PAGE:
Poisoned without warning

PORTLAND, Ore. -- As spring season moves into high gear attention turns to lawns and gardens, but many yard products contain dangerous chemicals that could harm the environment.

How do you know which products are safe?

It's harder to figure out than it should be. Stores line shelves with hundreds of products, many of which put salmon at risk.

Pacific University senior Alexa Clement enjoys getting outdoors, especially at the off-campus sustainability site called the " ."

That's because the site does not spray or apply chemical pesticides, insecticides, fungicides or fertilizers; the university's "Go Green" policy forbids it.

"You're certainly killing off the weeds with chemicals," noted Clement, "but you're also killing off spiders and snakes and different bacteria that are really important for healthy soil."

Staying healthy was a critical part of Clement's recent senior project - and she also looked at the health and sustainability of Pacific salmon.

Many pesticides used for yard work run off when it rains hard and end up in creeks, where baby salmon live.

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Dr. Deke Gunderson, Clement's advisor and a Pacific University toxicology professor, said pesticides are dangerous.

"They are certainly dangerous for aquatic life and frankly, most people don't know how to use these things responsibly," he said.

Clement, who majors in Environmental Chemistry, wanted to know why stores don't post " " signs warning that some pesticides kill salmon.

Three years ago, a federal judge ordered the signs alert consumers to pesticides that harm salmon populations.

Clement looked for the signs in dozens of Portland metro area garden and nursery stores in a project that took months to complete.

"It was a slow tedious process," Clement said. "Some of the stores had hundreds of products and I had to go through each and every label, mark off what the product was and how many were on the shelves."

The Salmon Hazard signs are supposed to be posted next to pesticides like Sevin and Malathion.

But among all the products in 31 stores that Clement surveyed, she found just one sign - hidden behind a rack of gloves.

"I was shocked that many businesses weren't complying," she said.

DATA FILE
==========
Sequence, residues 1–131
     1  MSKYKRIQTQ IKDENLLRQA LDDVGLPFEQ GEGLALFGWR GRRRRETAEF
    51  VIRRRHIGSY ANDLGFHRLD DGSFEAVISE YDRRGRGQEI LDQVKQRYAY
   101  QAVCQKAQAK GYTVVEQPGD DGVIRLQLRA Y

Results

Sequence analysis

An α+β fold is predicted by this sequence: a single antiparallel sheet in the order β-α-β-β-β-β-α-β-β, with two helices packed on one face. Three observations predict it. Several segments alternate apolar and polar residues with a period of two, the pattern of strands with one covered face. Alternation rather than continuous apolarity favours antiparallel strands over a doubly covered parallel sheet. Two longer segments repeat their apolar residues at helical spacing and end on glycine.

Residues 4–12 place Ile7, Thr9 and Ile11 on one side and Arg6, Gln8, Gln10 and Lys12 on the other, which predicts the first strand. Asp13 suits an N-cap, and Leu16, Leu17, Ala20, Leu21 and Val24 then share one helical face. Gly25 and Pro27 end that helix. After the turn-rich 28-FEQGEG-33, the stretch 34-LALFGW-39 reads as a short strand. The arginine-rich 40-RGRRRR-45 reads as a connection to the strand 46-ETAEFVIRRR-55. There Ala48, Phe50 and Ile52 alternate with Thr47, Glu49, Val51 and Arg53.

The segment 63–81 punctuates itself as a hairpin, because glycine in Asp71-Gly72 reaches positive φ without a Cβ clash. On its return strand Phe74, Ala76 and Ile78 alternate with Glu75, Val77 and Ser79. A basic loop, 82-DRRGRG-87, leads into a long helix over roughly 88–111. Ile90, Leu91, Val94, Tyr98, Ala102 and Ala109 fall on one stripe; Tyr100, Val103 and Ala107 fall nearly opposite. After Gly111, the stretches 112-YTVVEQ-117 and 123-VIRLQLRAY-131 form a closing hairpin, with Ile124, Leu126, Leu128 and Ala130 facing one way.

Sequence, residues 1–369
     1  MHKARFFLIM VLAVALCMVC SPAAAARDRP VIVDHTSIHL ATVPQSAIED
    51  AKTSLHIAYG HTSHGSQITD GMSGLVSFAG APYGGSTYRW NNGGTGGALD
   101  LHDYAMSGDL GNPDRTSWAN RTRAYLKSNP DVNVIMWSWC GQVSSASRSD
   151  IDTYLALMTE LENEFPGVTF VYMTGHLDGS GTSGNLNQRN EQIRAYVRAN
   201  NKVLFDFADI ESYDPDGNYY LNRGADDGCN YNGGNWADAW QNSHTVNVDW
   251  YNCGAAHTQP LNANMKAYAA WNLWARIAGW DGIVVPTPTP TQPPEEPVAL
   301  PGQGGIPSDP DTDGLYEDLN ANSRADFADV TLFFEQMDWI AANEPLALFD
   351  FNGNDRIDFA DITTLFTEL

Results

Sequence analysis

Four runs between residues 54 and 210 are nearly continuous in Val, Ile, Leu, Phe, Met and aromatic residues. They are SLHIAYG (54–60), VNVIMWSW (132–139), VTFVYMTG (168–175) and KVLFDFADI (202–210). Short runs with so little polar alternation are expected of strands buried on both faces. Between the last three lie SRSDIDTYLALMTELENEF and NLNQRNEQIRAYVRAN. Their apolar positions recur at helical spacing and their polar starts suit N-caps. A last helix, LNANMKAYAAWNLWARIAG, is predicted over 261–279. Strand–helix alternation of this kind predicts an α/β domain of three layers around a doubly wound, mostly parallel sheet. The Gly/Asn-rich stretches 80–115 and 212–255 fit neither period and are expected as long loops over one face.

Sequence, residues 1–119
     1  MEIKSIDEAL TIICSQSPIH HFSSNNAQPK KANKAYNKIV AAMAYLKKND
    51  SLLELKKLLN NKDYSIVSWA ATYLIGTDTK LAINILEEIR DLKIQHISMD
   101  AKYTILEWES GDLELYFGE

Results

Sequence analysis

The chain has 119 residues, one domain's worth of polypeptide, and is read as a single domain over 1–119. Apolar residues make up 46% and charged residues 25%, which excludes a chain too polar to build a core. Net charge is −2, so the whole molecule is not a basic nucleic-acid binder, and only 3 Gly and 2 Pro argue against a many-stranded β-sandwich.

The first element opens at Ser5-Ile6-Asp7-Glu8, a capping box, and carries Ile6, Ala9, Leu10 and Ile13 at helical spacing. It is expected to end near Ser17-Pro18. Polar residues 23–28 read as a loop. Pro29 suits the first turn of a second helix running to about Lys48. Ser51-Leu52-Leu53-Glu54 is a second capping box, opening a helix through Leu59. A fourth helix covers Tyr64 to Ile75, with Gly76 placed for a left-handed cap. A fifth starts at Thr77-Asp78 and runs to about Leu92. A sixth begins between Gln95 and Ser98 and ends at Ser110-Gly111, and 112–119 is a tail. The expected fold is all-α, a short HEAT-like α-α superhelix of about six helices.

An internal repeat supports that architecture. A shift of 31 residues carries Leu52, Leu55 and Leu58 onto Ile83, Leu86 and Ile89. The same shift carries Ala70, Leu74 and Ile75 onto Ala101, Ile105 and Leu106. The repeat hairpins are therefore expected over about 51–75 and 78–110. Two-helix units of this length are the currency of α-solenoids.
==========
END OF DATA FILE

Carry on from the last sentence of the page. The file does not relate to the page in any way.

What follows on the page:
How does it happen that the signs aren't posted - and where does it leave the homeowner who wants more information?

It turns out that the EPA did send out thousands of the "Salmon Hazard" signs to more than 500 regional retailers just as the federal court had ordered.

However, it turns out the judge's order did not obligate retailers to post the signs.

Laurie Gordon, Pesticide Specialist with the Oregon Department of Agriculture, insists that many retailers did post the warning signs, yet admits they didn't last.

"The problem was they weren't laminated and so they were easily damaged or torn through the years, on the shelves -- or they may have been damaged or faded and they were discarded," she said. "There wasn't a plan to keep a constant steady supply for them."

Conservationist Aimee Code works for the Northwest Coalition for Alternatives to Pesticides. She agrees that the signs were not a success because stores didn't have to post them.

She noted that the signs are now gone but that new warnings are coming -- this time on the products themselves. But the labels won't be available for another year, at the earliest, she said.

"When you pick up a product, right there on the label it's going to tell you that this might be a harm (to salmon) and it's going to tell you what you can do to make a change," Code said.

Back at Pacific University, Alexa Clement is proud of her efforts and her senior project because it helped many people make informed decisions about using safe products in the yard and garden.

"It's really not that hard to do. It's just that people need to be on the same page for it (information) to work properly," she said.

The state agriculture department maintains a web page informing residents about .

The NW Coalition for Alternatives to Pesticides offers its own tips and suggestions for providing .

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